Too often people find themselves in a position of leading others without the experience or training they need and assume they can, and will, figure it out as they go. While they are 'figuring it out,' a great deal of damage can be done to the people and to the business’s results. These five leadership myths are alive and well today in every enterprise. Let’s take a look at some common leadership mythology.
1. Myth: Star performers in their field or discipline will surely be a star leader of other people.
Reality: From the day we were born, all the applause has been about "what I have done well," and not "what we have done well." The exception is teamwork within or outside your family. The skills, attributes, and even motivations required to lead people successfully are entirely opposite from those required to be a successful individual contributor. Consider this: if the roles and skills weren't so opposite, it would be a walk in the park for someone to move seamlessly from being a great violin player to being a great conductor. Leading others is an intellectual and emotional seismic shift in mindset and behaviors that will quickly separate effective leaders from ineffective ones. Making the transition from being an individual contributor to being a leader can seem as difficult as swimming from New York to London alone, without a life jacket.
2. Myth: Emotions should be left outside the workplace.
Reality: Leading people is messy! People are, and will always be, unpredictable. Each person is unique, and that means leading people is complex, fun, interesting, frustrating, and yes, messy. Life happens, and it's full of triumphs and tragedies, any of which can happen to any of us at any time. We can't predict surprises! Leaders have to be ready for just about anything and everything. Like it or not, every person brings their emotions to work. People are 24-hour thinking-feeling creatures. They can and often do behave differently from our preconceived perceptions and/or assumptions about them. Our values drive our decisions, which generates emotions that often show up in our behaviors. It's a knee bone connected to thigh bone kind of thing! Emotions are contagious; we catch flyby emotions even more quickly than we catch a virus. The idea that we can keep emotions out of the workplace is a lot of bunk. Besides, we want people to feel when it suits us, right? We want them to be loyal, grateful, ethical, engaged, and kind to the people they work with and for. It's just the inconvenient feelings that we would like people to leave at the door. It doesn't work that way. We all bring our 24-hour, lifelong selves into work, like it or not.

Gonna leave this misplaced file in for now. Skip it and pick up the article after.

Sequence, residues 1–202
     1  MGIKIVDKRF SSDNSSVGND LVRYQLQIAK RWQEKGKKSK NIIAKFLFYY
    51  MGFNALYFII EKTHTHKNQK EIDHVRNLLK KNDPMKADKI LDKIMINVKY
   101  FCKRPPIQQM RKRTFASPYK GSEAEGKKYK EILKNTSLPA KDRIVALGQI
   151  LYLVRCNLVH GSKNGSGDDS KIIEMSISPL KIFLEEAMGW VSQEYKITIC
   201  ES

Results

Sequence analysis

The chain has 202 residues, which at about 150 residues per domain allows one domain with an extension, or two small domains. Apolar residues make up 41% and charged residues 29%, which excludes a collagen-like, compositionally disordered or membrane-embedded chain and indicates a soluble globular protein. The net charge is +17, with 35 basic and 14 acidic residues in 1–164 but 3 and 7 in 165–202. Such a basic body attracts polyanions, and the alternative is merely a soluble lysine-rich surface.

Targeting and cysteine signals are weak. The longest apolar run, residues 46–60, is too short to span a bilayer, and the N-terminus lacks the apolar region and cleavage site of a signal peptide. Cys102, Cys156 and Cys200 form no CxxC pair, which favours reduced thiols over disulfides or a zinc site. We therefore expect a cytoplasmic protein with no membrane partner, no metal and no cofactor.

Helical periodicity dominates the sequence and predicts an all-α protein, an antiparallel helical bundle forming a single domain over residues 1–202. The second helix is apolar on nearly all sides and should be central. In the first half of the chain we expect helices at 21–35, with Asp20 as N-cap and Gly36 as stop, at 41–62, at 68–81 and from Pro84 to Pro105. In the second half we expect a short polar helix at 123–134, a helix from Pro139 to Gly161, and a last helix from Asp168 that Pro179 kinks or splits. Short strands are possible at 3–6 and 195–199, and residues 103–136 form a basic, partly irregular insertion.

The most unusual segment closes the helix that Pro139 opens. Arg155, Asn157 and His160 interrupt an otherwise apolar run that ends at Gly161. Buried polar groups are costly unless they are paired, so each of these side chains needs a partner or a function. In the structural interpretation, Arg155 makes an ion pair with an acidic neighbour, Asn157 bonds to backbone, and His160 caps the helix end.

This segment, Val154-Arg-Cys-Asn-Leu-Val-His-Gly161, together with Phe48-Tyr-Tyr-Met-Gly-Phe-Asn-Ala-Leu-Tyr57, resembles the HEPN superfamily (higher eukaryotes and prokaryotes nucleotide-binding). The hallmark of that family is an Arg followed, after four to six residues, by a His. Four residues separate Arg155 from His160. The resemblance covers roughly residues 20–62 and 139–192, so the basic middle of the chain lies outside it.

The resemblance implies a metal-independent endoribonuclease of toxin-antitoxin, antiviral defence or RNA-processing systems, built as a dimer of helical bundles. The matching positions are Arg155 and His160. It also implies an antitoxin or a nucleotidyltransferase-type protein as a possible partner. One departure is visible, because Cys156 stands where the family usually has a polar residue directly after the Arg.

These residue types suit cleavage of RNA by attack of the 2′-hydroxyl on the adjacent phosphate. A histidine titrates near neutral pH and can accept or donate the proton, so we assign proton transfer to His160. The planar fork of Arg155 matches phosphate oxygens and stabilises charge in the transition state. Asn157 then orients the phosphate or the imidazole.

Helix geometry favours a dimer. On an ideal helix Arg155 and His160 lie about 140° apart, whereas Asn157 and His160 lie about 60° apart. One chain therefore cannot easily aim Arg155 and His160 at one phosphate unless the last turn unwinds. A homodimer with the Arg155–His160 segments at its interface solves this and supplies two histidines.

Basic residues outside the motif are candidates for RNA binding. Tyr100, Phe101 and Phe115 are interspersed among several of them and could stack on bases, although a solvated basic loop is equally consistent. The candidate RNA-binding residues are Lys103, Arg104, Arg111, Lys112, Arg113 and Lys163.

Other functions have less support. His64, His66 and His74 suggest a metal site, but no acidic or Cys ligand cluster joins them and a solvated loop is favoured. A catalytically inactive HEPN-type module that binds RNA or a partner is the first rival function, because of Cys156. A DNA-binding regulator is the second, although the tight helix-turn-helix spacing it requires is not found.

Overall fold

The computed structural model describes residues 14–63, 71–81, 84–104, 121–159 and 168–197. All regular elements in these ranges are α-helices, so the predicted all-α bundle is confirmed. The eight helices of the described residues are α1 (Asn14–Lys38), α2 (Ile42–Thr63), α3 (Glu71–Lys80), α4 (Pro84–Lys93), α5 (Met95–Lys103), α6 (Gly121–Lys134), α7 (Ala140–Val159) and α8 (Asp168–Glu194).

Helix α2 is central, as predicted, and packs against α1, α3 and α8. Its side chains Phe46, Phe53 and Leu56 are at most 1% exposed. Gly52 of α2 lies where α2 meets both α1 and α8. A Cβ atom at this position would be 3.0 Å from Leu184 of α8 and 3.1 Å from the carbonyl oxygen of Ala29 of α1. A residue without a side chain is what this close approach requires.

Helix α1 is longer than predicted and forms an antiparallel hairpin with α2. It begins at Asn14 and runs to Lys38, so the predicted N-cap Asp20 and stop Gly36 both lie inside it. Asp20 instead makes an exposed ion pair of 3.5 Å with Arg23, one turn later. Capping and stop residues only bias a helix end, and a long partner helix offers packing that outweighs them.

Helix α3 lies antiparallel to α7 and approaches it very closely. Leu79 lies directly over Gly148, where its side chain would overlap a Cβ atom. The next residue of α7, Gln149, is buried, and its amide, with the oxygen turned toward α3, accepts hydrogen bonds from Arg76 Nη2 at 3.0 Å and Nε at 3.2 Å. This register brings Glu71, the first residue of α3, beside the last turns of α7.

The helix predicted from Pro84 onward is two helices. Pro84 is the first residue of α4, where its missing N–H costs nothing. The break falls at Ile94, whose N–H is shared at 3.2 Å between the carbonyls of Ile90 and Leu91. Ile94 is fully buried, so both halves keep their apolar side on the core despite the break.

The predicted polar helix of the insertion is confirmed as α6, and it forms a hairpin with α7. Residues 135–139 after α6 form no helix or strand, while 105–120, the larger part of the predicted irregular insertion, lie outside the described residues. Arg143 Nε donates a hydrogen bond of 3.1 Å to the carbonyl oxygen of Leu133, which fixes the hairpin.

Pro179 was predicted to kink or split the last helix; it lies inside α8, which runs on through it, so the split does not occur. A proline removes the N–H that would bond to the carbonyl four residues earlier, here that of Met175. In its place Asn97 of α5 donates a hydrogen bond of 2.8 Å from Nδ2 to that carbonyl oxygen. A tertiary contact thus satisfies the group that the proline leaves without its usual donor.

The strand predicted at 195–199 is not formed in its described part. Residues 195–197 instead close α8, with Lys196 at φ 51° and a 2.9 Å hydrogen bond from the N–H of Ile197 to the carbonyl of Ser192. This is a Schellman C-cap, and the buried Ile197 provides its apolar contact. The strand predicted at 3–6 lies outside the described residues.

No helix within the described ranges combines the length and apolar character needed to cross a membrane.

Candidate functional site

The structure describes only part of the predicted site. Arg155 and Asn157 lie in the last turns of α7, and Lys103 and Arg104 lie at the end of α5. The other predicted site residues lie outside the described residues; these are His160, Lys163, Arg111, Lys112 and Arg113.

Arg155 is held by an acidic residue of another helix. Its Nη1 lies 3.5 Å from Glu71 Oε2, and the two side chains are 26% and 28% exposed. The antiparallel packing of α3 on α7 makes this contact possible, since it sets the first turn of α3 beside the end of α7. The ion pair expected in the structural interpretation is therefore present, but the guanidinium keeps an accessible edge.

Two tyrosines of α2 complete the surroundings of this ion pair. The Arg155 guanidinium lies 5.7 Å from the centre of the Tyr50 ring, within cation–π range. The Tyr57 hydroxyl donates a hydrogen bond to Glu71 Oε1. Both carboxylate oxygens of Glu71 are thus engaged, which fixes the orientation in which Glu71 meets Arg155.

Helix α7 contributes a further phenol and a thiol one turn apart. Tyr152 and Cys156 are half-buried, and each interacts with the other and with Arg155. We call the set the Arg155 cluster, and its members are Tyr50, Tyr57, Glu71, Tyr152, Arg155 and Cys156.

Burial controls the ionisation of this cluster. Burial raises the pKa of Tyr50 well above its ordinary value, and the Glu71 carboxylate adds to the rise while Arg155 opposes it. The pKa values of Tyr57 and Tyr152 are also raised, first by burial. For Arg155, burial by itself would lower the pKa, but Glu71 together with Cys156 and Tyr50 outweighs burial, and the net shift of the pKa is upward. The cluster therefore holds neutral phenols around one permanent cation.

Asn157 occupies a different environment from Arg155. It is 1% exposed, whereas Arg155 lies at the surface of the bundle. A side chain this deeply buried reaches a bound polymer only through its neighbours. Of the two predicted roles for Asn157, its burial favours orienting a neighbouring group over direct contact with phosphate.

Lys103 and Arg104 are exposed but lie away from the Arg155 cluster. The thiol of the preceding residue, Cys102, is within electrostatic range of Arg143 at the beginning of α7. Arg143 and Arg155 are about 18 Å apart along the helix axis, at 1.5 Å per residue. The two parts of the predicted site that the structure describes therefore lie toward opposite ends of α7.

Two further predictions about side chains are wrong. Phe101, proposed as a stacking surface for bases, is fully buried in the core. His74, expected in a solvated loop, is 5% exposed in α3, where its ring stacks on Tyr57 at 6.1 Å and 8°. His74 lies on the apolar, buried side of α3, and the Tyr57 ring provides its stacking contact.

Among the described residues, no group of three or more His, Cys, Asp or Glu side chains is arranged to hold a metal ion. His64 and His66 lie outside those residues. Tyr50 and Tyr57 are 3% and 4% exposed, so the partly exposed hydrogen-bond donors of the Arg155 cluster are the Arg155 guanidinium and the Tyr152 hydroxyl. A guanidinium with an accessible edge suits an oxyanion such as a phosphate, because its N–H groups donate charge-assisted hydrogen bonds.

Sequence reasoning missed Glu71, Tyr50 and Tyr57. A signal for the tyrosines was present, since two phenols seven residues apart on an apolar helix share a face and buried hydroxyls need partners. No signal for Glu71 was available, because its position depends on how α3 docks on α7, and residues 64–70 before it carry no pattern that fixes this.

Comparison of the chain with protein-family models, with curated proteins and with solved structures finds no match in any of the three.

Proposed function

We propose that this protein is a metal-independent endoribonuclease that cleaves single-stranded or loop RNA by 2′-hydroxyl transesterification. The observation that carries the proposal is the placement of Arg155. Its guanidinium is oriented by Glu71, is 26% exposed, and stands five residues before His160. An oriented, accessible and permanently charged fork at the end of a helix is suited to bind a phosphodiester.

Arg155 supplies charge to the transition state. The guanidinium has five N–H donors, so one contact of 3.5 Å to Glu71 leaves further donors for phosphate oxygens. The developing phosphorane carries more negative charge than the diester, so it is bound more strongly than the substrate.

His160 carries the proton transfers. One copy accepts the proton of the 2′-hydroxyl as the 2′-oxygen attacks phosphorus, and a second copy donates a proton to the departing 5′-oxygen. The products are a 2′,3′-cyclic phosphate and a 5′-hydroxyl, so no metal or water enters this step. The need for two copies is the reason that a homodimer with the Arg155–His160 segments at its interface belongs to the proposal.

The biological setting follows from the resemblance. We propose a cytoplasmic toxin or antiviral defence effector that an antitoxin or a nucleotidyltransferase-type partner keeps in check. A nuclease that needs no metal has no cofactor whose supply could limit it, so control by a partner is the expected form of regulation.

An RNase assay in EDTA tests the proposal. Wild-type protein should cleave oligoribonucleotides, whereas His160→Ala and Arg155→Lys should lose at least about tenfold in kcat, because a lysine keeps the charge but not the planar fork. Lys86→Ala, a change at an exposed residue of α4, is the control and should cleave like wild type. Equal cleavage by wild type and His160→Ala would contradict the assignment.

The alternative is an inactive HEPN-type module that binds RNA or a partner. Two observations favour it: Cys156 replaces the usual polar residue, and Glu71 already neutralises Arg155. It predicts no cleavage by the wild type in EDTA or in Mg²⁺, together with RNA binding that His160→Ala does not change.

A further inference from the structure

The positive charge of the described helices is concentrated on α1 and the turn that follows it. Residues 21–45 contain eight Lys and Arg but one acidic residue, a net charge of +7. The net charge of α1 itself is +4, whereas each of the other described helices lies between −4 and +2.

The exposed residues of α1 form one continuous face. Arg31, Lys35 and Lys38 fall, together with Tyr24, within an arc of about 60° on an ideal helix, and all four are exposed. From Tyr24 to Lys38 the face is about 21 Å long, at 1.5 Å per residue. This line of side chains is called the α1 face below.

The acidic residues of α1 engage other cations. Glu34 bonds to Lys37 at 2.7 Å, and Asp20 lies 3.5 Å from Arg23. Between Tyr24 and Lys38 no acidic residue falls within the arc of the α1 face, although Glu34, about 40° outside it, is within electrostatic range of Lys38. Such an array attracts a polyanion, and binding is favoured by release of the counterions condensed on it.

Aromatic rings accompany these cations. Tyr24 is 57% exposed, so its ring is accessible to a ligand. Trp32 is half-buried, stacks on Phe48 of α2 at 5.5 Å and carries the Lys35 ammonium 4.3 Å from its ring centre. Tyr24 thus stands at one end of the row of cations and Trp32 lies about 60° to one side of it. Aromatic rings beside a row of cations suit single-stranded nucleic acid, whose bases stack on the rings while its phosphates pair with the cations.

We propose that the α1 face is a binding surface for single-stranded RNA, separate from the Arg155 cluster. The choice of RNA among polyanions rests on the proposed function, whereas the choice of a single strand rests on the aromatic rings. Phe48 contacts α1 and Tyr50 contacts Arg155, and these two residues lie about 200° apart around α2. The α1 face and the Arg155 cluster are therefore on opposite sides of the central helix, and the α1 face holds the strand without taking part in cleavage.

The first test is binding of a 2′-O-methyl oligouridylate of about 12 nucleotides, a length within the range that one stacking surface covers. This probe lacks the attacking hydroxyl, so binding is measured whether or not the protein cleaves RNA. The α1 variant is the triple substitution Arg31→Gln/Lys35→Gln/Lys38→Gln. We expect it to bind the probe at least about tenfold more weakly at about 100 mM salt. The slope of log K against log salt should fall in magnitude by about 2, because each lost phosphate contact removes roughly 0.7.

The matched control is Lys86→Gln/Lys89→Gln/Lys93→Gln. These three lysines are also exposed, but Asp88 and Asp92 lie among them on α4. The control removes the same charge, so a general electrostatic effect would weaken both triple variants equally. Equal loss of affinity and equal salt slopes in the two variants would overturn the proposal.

3. Myth: The best way to make changes is from the top and expect everyone to get onboard.
Reality: The painful truth is, change efforts fail in every organization about 70% of the time, and for some, that’s on a good day. We know this from our own experiences and the research backs our experiences up over and over again. The status quo has a powerful, almost surreal stranglehold on people and organizations. We think and say we are open to new ideas and changes, but it’s often not true because human brains simply aren’t wired that way. And the number one reason change efforts fail is that people resist them. Our life experiences have shown us that too many people with authority over our work and our lives make lousy decisions, often based on lousy information, and end up with lousy results. Having a change process in place is something few leaders actually DO and that’s because very few of us have taken the time to learn, (and it can be learned!), how to lead change well.
4. Myth: Being really smart and/or well-educated is all that really matters.
Reality: Not even close. It is not enough to be really, really, smart. Emotional intelligence matters a heck of a lot – at least four times as much as IQ for healthy and productive relationships. Even well-meaning smart people who are ineffective leaders can create a lot of damage. Good and effective leaders can accomplish incredible feats with their followers. If no one is truly following us, we aren't leading! We can manage all kinds of tasks that might involve schedules, money, projects, budgets, and so on, and yet everything we do with our staff and other stakeholders involves relationships. How well those relationships work has a great deal to do with how much TRUST is at the center of those relationships, and that has everything to do with EQ, not IQ.
5. Myth: Leaders can’t control the culture of their teams or business.
Reality: Leaders are THE people who set the tone, model the values and principles, behaviors and attitudes that are acceptable, and those that are not. Every leader determines the desired culture in his or her team and organization – what I call their “responsibility pond”. Yes, while it is true that everyone contributes to the culture, the leader either does or does not hold individuals accountable for their role in sustaining the desired culture – regardless of the ‘flavor’ of culture that exists. There is simply no scenario in any organization, team, or family, where the culture doesn’t start at the top.
There are many excellent ways to learn how to lead well when it is the conscious intention of the leader to do so. Leadership is both an art and a science and getting a grip on leadership mythology is a good start.